else:
      sense.clear(colour_red)
      print(r.json())

It’s actually longer than it needs to be as I decided to use the ‘sense hat’ as a visual indicator of where the script was in the overall process (I had it lying around – a simple LED might be better) – although the fact that it has a number of other sensors (temperature, humidity etc.) does suggest that I could collect other observations.

It starts by importing the various libraries it needs (I’m using the requests library to make the actual REST call) and then activates the camera, waits a couple of seconds and takes a photo – saving it to a file with a name constructed from the current time (that way I have a local copy of the images – though I’ll need some way to ensure they don’t fill up the pi!)

Next it constructs a Media resource to contain the actual image as a base64 encoded attachment.

I added a couple of extensions – one to record the date the image was taken, and the other so I could have it reference a Location resource (the closest existing match was ‘specimen’ which didn’t feel quite right…). I still have to create the extension definitions (StructureDefinition resources) but I will!

So this all works, though there are a few enhancements that come to mind:

  • Better logging to assist troubleshooting is likely to be required when I deploy for real
  • The use of the sense hat is a bit overkill – perhaps a multi colour LED that does the same thing and maybe a small LCD screen showing the last operation?
  • Rather than storing the image as a base-64 encoded attachment (with associated overhead), I might store it as a binary resource referenced from the Media – or maybe an Observation might be better?
  • I could add other observations (temperature, humidity & such like)
  • I should really shift the resource creating stuff to a separate function – maybe a separate module, just to keep the main script tidier

Anyway, a fun little experiment exploring FHIR on the raspberry pi!

About David Hay
I'm a Product Strategist at Orion Health, Chair emeritus of HL7 New Zealand and co-Chair of the FHIR Management Group. I have a keen interest in health IT, especially health interoperability with HL7 and the new FHIR standard.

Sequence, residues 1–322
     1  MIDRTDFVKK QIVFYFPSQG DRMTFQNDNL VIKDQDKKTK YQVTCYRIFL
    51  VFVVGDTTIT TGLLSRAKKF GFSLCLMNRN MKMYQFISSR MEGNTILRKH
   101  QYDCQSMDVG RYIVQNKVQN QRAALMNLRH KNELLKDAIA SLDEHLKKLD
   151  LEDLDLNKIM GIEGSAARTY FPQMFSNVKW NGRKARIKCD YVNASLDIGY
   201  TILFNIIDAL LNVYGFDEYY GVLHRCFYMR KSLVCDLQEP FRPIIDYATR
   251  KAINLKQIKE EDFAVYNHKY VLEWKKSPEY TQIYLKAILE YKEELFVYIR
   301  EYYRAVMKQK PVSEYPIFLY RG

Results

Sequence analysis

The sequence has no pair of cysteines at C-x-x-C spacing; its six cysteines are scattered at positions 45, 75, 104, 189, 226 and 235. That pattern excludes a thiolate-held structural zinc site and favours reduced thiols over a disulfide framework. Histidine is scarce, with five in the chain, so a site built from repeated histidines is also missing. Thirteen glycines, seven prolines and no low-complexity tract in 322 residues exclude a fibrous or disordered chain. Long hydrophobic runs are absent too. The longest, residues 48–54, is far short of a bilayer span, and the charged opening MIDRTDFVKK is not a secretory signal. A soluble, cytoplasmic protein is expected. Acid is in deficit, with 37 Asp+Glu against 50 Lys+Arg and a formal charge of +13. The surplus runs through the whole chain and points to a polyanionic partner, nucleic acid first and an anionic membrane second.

4 Responses to More FHIR on the pi…

  1. Jens Kristian Villadsen says:

    What a somewhat special way to use FHIR on. Way to go! I gave it a try to see if I could decode the base64 encoded pictures but no luck. Taking the content of the value of eg. http://fhir.hl7.org.nz/dstu2/Media/93349 and decode it gave something that could look like some binary data, it was not png content (ÿØÿácúExif MM *) {binary chars omitted}

    • David Hay says:

      Oops – that what comes of posting before the job is complete! I’ll see what is going wrong…

      • Jens Kristian Villadsen says:

        Shit happens when you publish it on the web … let me know when its working. I would love to see some pictures from ‘down under’ on a FHIR server – and hey – it would probably be the first of its kind (the FHIR media server hosted on the continent of Oceania).

    • David Hay says:

      so there were 2 issues:

      First – I had the mime type as image/png – and it is actually image/jpg
      Second – my python file read was not correct as it didn’t specify a binary file.

      I’ve corrected the post, and the image at http://fhir.hl7.org.nz/dstu2/Media/93389 works for me (it’s a picture out of my office window at dusk!) – no guarantees that this image will remain (in fact I’ll certainly delete it in the not too distant future) – but all you need is a pi and camera to duplicate it, so I’m not too worried about that 🙂

      thanks again for pointing this out!